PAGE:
Sadism, Surrealism, and sinister cults

In my novel Genuflect, published in 2017, I placed a fictional villain, Blake Rosenberg, loosely based on Michael Bloomberg, in the position of owning the corporate building in the City of London where the ancient Roman Temple of Mithras was really was originally discovered, and where it really was recently returned to, refurbished. As reflected in the novel, the restored temple is now a museum located the bottom of the new building called Bloomberg Place, which opened last year, and which now covers more ground than any other single building in London.

While many of the personal obsessions I gave to my fictional villain are simply based on the real Bloomberg, some I made up, including the character’s obsession with Surrealist, Cubist and Dadaist artists from the early twentieth century. Inside my fictional version of the building, which my villain uses to commit a series of sadistic murders and rapes as part of a program of occult rituals, many homages to his favorite works of art, literature and film are included. I chose to do this because of a confluence I found in my research between the following subjects: Gnostic heresies; the cult of Mithras; the cult of Cybele; alchemical symbolism; Surrealist, Dadaist, and Cubist art; Sadism, and the work of Marquis de Sade specifically.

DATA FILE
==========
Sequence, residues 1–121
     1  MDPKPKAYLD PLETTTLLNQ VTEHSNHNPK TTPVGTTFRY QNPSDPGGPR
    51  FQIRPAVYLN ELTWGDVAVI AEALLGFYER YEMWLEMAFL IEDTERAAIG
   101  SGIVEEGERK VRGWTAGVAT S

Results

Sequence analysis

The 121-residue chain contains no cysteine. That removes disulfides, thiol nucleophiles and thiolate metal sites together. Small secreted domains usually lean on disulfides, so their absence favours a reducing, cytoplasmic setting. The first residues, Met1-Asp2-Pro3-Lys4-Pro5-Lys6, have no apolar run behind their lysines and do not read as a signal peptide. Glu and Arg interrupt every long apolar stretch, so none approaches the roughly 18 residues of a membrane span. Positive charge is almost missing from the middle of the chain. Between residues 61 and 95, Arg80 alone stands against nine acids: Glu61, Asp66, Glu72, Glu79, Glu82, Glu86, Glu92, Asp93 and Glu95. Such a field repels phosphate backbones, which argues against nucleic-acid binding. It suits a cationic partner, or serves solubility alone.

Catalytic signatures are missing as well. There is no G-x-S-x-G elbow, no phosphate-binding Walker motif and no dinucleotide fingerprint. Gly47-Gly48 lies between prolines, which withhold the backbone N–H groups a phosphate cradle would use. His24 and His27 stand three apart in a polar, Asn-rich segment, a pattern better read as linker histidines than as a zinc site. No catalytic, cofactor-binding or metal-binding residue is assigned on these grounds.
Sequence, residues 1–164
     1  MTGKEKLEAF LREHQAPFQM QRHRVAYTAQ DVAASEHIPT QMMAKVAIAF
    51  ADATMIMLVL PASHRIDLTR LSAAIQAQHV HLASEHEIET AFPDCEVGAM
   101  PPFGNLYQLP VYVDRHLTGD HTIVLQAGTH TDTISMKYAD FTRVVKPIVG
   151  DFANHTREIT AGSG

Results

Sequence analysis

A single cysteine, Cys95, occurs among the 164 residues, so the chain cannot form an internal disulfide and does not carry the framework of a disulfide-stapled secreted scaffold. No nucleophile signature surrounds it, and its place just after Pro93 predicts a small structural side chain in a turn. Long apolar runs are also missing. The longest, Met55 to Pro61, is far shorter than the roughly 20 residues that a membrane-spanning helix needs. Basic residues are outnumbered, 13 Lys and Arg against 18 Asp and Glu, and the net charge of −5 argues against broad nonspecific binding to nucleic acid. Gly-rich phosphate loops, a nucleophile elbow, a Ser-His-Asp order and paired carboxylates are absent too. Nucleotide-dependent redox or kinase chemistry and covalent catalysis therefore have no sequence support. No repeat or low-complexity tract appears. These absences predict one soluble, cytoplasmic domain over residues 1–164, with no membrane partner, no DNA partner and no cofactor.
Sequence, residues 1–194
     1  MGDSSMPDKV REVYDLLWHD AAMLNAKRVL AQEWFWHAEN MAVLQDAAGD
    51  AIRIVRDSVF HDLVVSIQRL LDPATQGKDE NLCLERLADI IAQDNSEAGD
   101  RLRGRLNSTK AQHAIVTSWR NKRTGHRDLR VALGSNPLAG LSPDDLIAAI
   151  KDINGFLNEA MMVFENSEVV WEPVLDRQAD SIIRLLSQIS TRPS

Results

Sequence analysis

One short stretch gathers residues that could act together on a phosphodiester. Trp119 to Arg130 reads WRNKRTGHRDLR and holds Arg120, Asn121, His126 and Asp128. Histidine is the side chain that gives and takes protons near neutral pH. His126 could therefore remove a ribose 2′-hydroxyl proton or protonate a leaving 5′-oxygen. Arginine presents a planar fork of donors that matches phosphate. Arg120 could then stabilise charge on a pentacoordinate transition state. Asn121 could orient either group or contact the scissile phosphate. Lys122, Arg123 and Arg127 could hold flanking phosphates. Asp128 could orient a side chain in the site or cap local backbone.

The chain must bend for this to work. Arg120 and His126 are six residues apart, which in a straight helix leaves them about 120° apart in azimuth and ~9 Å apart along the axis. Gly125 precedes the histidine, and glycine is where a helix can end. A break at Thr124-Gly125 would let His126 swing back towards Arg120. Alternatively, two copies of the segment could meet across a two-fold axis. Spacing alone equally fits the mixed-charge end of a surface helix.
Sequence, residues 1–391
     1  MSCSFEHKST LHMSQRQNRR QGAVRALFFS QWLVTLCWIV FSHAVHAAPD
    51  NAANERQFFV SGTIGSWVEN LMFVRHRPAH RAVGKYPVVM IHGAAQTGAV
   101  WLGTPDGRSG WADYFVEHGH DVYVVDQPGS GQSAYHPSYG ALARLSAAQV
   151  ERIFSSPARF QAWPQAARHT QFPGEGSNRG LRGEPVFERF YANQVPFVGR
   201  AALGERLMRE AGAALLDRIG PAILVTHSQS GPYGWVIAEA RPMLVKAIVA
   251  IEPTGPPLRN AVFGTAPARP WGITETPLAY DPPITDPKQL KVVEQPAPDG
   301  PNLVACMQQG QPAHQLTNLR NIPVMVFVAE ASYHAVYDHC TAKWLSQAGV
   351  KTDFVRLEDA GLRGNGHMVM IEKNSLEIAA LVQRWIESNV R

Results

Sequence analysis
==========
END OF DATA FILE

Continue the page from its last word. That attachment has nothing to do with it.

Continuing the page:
In particular, I knew that many of the Surrealists, Dadaists and Cubists held the Marquis de Sade’s 120 Days of Sodom in high regard. Having noted some possible connections between the story there and the liturgical calendar of the Roman Cult of Cybele, which began its main festivals at the Ides of March, I used that as a springboard for the story I was telling. The connections are first foreshadowed in Chapter 16, where the heroes of the story discuss the case/s that they are investigating together. The town of Ostia near Rome in Italy is mentioned, location of the ruins of several temples to Mithras and Cybele both. It was also the place where the filmmaker Pasolini was murdered while working on a film based on 120 Days. These subjects all come up when the murder of Roberto Calvi is mentioned. As a the narrator, Pamela Auger, puts it: